Conclusion and Rating
Before concluding and scoring the review, I would like to take the opportunity to extend a massive thank you to Asus for providing us with a review sample of this truly outstanding graphics card so that we could provide you with this article.
The conclusion to this review is very simple: if you want the fastest graphics card in the world (including non-watercooled custom GTX 1080 Ti designs) then the Asus ROG Strix GeForce GTX 1080 Ti OC edition is the card you should seriously consider.
The performance is so fast that you are very likely to be CPU-bound at 1080p where you will not get the most out of this card. This card is absolutely superb when paired up with a 144hz 1440p monitor where you average framerates will be tracking the monitor’s maximum refresh rate almost perfectly.
Asus have tuned the card’s clock rates to the very edge of stability – you will not need to overclock the card further to get one of the very best GeForce GTX 1080 Ti air-cooled products on the market.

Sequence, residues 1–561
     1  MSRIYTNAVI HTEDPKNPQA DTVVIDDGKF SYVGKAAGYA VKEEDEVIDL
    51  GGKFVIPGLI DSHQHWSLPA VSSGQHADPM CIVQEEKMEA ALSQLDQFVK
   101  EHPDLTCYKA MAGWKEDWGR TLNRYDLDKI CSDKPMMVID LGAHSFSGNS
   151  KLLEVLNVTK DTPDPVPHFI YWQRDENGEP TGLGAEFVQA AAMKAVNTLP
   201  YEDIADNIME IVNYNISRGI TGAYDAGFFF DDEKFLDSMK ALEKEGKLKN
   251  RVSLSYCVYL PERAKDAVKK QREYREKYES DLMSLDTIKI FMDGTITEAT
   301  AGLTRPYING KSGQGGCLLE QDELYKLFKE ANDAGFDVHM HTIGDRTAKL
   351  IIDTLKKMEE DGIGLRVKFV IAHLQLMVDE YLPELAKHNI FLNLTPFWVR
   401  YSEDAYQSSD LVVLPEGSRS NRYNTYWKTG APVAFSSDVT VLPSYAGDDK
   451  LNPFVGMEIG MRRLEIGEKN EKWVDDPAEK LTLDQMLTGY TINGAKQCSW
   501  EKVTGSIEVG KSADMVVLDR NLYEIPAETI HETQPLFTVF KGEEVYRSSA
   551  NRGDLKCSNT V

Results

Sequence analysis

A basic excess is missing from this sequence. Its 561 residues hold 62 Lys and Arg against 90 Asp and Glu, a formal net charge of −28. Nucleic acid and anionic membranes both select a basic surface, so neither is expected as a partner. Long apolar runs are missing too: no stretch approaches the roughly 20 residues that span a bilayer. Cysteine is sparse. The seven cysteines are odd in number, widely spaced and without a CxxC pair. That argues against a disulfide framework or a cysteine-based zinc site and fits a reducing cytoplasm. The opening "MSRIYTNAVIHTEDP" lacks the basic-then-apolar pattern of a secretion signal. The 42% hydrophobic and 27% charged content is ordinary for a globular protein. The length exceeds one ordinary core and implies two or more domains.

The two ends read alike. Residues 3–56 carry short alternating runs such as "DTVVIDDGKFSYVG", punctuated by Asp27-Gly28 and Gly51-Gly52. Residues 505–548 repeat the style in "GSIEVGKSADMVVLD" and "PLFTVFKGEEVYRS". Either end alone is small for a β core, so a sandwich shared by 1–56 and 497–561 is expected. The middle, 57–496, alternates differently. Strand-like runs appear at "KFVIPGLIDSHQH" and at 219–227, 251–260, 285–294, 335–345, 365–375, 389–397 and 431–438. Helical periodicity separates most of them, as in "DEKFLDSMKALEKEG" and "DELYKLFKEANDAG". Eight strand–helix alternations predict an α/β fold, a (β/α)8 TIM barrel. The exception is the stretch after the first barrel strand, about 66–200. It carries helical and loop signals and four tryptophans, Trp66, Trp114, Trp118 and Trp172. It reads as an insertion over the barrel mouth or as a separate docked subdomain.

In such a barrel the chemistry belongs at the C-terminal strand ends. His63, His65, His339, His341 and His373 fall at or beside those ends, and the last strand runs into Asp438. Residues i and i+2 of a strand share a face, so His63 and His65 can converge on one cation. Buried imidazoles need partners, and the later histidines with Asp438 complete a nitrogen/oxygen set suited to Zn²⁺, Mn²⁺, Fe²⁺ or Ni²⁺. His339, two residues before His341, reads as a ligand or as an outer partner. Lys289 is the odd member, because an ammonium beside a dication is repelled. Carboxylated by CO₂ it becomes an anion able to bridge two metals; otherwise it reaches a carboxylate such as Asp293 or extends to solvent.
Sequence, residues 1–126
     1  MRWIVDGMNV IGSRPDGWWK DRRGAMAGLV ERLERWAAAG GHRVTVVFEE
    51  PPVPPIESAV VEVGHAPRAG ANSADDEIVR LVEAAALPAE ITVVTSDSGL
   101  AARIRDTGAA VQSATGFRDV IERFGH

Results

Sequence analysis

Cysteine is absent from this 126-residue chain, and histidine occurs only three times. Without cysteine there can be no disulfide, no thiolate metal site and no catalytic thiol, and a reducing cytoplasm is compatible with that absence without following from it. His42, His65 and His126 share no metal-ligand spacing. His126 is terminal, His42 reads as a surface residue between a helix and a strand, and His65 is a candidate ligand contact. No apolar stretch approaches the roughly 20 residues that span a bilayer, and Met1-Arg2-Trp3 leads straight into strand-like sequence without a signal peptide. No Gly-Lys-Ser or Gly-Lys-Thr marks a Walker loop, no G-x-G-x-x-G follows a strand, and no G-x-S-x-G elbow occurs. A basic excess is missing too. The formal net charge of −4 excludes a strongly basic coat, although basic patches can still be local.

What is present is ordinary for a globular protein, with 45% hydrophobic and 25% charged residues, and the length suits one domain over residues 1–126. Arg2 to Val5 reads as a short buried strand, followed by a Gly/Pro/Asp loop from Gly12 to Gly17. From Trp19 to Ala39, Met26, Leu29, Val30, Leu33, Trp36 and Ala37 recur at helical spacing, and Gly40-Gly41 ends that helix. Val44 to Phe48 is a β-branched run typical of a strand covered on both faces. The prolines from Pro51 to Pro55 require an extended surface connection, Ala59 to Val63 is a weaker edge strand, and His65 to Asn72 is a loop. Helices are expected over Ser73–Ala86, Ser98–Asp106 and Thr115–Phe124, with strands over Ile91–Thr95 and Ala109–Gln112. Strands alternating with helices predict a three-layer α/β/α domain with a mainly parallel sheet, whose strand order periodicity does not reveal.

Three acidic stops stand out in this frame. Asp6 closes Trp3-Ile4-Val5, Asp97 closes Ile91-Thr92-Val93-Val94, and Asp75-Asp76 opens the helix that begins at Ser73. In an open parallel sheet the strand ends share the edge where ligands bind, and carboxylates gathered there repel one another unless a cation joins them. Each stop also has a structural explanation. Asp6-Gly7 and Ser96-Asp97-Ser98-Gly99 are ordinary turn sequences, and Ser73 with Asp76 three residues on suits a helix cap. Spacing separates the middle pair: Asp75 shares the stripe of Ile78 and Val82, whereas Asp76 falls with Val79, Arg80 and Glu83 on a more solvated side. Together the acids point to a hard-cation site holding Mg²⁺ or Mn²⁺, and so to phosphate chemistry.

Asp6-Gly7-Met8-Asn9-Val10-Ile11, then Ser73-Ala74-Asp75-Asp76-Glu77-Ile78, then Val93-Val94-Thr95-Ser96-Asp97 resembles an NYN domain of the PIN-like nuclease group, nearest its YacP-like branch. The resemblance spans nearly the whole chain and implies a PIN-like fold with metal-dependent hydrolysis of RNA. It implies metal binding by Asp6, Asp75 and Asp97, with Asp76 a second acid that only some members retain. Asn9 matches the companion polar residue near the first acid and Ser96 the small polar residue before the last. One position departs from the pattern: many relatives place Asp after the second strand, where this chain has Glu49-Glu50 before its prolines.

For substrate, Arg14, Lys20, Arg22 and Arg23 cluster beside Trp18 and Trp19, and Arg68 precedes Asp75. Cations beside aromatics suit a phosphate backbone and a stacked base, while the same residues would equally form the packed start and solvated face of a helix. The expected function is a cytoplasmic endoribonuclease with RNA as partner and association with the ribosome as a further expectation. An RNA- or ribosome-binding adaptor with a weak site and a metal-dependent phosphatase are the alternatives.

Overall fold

Asus have managed to achieve this while not compromising on the usual suspects – heat, power and noise. The Asus ROG Strix GeForce GTX 1080 Ti runs both incredibly cool and very quiet for a card of this calibre and was a pleasure to use in this regard. The new increased size of the MaxContact heatsink ensures that no increase in temperature is observed over the GeForce GTX 1080 version which is very impressive for a 250w TDP card.
Aesthetically, Asus has done a fantastic job in offering an excellent back plate to the card as well as extensive RGB lighting zones and customisation through the Asus Aura application – truly a modder’s dream come true.
The summary of our findings are as below:
- The fastest gaming graphics card in the world (and potentially the best GTX 1080 Ti card that money can buy performance wise out-of-the-box) barring the Titan Xp 2017 re-release
- Incredible paired up with a 144hz 1440p monitor
- Attractive looks, excellent build quality, back plate and RGB lighting
- Runs cool and very quietly
- At around £780, this card is very expensive. However, we feel the cost is much more ‘justified’ for the performance it yields over its GeForce GTX 1080 counterpart, considering it is a ‘best of Pascal’ tier of card and there is still no competition from AMD in the high-end GPU areana at the time of writing (not until RX Vega launches)
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